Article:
Sappho in Greek! And did the Romans "invade" Britain?
The text is, of course, from Martin West's article in the TLS:
῎Υμμες πεδὰ Μοίσαν ἰ]ο̣κ[ό]λ̣πων
κάλα δῶρα, παῖδες,
σπουδάσδετε καὶ τὰ]ν̣ φιλἀοιδον
ἔμοι δ᾽ἄπαλον πρίν] π̣οτ᾽ [ἔ]ο̣ντα
χρόα γῆρας ἤδη
ἐπέλλαβε, λεῦκαι δ’ ἐγ]ένοντο
τρίχες ἐκ μελαίναν·
βάρυς δέ μ’ ὀ[θ]ῦμο̣ς̣ πεπόηται, γόνα
δ’ [ο]ὐ φέροισι,
τὰ δή ποτα λαίψηρ’ ἔον ὄρχησθ’ ἴσα
τὰ <μὲν> στεναχίσδω θαμέως· ἀλλὰ τί
ἀγήραον ἄνθρωπον ἔοντ᾽ οὐ δύνατον
καὶ γἀρ π̣[ο]τ̣α̣ Τίθωνον ἔφαντο
ἔρωι φ̣ . . α̣θ̣ε̣ισαν βάμεν’ εἰς
ἔσχατα γᾶς φέροισα[ν,
ἔοντα̣ [κ]ά̣λ̣ο̣ν καὶ νέον, ἀλλ’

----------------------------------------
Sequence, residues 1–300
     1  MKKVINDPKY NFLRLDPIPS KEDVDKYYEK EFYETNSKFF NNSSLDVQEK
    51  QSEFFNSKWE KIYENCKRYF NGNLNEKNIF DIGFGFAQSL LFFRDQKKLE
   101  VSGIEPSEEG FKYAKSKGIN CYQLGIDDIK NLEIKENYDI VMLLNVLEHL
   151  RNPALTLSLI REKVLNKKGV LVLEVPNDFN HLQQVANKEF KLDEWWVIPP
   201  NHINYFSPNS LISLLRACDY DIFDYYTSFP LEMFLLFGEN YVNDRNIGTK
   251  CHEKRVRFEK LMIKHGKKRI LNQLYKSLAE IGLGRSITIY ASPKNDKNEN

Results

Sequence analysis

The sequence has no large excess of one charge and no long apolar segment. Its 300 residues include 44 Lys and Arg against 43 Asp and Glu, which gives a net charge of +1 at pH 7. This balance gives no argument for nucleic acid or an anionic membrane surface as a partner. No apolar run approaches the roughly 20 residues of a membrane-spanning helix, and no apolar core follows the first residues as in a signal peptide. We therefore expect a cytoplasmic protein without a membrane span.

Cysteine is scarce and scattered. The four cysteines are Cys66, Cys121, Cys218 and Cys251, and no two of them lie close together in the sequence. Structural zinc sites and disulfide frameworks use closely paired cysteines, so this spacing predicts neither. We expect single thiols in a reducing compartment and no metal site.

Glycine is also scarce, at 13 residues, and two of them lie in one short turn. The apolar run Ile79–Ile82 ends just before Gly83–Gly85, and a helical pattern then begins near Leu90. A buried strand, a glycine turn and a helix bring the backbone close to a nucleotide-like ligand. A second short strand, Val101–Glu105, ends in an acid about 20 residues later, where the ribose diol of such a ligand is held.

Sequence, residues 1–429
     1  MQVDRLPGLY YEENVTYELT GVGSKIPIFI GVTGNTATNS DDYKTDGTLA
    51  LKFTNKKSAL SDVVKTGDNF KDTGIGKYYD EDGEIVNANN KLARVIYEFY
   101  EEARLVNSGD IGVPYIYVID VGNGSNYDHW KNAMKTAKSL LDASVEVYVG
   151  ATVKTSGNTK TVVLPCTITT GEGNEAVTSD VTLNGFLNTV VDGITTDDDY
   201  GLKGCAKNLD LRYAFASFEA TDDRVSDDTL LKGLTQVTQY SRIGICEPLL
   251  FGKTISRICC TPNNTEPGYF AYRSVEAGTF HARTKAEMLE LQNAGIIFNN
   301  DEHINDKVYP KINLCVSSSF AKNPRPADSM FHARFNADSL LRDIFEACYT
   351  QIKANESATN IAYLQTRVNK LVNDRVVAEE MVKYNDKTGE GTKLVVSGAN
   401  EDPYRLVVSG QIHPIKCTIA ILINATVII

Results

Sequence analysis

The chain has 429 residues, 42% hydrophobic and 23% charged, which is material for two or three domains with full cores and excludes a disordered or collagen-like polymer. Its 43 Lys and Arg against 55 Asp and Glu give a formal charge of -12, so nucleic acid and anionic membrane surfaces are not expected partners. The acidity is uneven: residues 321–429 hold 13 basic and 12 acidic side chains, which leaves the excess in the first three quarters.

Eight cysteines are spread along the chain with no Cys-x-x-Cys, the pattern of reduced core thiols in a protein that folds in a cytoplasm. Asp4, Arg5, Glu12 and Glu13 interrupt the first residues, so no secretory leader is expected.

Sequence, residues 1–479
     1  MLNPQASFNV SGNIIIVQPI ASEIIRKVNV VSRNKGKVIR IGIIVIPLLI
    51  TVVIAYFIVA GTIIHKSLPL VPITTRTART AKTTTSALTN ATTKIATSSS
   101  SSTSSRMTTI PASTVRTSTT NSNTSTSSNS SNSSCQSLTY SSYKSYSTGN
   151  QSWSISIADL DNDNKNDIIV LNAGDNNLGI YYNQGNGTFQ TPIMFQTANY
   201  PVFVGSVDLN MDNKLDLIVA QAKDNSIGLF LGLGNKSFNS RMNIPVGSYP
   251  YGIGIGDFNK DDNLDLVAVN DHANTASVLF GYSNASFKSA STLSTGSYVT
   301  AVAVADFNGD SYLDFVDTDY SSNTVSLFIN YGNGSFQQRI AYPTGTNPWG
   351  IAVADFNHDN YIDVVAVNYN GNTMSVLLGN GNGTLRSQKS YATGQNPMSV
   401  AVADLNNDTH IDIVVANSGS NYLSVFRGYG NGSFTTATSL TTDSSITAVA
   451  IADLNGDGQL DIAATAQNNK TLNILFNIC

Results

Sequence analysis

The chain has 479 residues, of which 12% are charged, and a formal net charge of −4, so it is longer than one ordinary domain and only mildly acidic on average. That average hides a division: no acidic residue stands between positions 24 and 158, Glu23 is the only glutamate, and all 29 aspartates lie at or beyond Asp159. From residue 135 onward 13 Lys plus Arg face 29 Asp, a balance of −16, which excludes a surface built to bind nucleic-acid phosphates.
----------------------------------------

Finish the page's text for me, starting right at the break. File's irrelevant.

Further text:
αὖτον ὔμως ἔμαπψε
χρόνωι π̣ό̣λ̣ι̣ο̣ν̣ γῆρας, ἔχ[ο]
ν̣τ’ ἀθανάταν ἄκοιτιν.
My Greek isn't exactly good enough to warrent comments from me. I plan on shoving it in my professor's face on Wednesday, though. If any interesting discussion comes up, it will, of course, be posted here.
Taking a 180 from archaic Greek to "modern" Latin, Father Foster has a new segment up today. He discusses boxing and space-travel and proves that even monks can be snarky.
David Meadows at rogueclassicism also posted an interesting article from the Independent on the Roman Invasion of Britain (or lack thereof?). I have to admit I had the same questions running through my head while reading that as David did. I think the "answer" probably lies somewhere in the middle ground of what was known before and what has recently been discovered.